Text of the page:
It’s just a shame that your niggles mean you could only enjoy “The People of the Black Circle,” but strange since there are other stories in the collection that have none of the racial or sexual problems of other stories. What about “The Phoenix on the Sword,” “The Tower of the Elephant,” and “Beyond the Black River,” none of which feature any ethnic characters or women at all? They’re also considered some of the finest Conan stories, too. It’s strange you don’t mention them, is all.

    • dwgrampus /

      Hi, thanks for the comment – especially its a long one. I will have to defer to your vastly superior knowledge, but to answer at least some of your points….

      the edition was the once i could get off amazon – simple as that. my knowledge of fantasy as a whole is very slim (and conan even slimmer) and like i said in the review, its choppy and out of order and i can’t not but admit that it colours the impression i have of the material. and of course with 20 books to read (as well as my normal “non-fantasy” reading i honestly can’t spent the time reading the whole list which i guess is always going to run the risk of the odd miscarriage of literay justice.

      however, on the issue of attitudes towards women in some ways it puzzles me because there are worse out there, and for instance, i’m a big fan of Lovecraft, who is much of offensive, when you think about it. However, whatever the reason, and whatever the counter examples, it did stick in my mind as i was reading it, and i couldn’t shake it.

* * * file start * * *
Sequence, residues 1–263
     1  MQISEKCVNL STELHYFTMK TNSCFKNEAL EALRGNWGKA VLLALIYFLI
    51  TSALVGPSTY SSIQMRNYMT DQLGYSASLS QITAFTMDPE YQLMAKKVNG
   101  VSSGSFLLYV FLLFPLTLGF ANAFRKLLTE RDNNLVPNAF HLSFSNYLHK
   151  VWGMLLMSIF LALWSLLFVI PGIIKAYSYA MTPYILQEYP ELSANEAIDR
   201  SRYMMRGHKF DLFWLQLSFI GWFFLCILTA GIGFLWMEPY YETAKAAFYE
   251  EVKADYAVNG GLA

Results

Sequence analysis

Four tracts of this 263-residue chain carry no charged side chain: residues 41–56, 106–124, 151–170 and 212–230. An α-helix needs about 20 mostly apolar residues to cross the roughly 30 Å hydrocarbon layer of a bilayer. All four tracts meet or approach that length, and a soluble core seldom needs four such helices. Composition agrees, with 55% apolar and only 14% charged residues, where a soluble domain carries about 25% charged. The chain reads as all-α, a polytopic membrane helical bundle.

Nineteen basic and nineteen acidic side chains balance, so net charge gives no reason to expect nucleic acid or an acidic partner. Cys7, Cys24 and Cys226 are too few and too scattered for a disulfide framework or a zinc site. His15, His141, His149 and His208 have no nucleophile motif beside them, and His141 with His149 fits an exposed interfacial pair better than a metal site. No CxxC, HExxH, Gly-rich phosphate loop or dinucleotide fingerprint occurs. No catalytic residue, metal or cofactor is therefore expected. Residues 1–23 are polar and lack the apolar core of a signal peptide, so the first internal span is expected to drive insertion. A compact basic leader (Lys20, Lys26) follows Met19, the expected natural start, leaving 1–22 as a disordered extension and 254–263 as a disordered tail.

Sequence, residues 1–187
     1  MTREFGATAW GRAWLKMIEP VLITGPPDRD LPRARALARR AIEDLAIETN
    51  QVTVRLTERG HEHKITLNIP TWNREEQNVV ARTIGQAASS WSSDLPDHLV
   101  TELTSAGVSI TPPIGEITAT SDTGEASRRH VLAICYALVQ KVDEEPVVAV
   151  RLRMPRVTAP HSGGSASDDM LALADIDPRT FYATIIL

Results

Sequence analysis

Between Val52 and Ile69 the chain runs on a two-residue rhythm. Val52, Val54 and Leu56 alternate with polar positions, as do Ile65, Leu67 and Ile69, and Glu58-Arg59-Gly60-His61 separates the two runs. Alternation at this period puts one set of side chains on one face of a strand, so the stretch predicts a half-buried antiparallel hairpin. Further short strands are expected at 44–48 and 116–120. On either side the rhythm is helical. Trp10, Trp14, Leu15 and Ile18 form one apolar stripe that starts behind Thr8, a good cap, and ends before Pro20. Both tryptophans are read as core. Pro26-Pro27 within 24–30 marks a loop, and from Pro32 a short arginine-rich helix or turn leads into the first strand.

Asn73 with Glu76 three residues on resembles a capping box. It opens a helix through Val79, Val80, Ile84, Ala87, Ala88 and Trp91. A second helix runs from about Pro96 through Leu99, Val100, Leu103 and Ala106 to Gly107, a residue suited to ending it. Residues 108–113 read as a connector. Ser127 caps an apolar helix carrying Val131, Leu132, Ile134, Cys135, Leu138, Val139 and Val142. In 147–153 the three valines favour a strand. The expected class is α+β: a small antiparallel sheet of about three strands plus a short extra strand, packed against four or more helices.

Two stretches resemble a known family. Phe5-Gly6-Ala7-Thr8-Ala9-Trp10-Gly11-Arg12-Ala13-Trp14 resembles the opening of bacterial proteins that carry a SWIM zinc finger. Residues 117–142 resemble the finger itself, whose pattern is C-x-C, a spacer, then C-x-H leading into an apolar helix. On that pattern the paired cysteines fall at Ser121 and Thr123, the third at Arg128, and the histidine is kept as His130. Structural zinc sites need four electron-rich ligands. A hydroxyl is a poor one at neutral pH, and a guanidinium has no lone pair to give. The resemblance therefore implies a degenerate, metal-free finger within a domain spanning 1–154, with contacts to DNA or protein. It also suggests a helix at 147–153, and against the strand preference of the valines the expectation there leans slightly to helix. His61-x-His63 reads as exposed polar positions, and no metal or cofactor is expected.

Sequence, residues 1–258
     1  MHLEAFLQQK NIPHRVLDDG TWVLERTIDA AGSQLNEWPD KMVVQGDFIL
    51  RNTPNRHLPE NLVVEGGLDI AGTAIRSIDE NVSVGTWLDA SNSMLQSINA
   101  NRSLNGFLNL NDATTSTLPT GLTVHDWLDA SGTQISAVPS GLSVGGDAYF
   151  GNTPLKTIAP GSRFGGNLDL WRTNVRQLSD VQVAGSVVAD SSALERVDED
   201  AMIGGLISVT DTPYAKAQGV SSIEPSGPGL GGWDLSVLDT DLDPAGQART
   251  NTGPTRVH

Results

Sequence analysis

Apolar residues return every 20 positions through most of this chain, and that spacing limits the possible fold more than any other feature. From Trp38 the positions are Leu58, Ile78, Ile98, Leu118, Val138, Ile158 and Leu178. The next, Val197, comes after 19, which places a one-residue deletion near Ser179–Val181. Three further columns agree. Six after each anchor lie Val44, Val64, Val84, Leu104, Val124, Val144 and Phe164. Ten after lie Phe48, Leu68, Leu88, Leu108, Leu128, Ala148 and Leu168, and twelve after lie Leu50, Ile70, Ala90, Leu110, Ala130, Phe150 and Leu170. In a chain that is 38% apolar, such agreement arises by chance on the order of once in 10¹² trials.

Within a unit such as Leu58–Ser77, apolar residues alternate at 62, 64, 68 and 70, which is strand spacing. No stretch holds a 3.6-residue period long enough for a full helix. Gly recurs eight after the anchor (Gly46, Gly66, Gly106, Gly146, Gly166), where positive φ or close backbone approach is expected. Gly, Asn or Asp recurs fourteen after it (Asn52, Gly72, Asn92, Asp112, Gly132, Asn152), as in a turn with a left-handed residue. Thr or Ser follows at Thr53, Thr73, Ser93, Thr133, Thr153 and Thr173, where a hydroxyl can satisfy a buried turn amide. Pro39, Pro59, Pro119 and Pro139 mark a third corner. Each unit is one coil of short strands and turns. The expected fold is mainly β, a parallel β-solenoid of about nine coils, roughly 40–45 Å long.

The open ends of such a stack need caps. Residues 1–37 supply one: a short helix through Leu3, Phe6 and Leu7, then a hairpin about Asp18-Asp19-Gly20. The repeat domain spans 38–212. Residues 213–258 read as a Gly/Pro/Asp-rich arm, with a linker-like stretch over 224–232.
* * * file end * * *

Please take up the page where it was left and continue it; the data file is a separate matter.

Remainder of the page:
conan’s character i’m not sure i’m obfuscating (which would imply an agenda, which i don’t have) but i found his somewhat elemental nature offputting. Theres numerous cases (one in Queen of the Black Coast, as i recall) where he just leaves earlier colleagues for dead with no look back and whilst it may be self-preservation still…i dunno, dehumanises him as a character. again, i’ll concede that with more order to the stories, this may be less of an issue, but even then the nature of the stories seem to be new assocaites every time and it makes everyone feel pretty disposable from Conan’s perspective.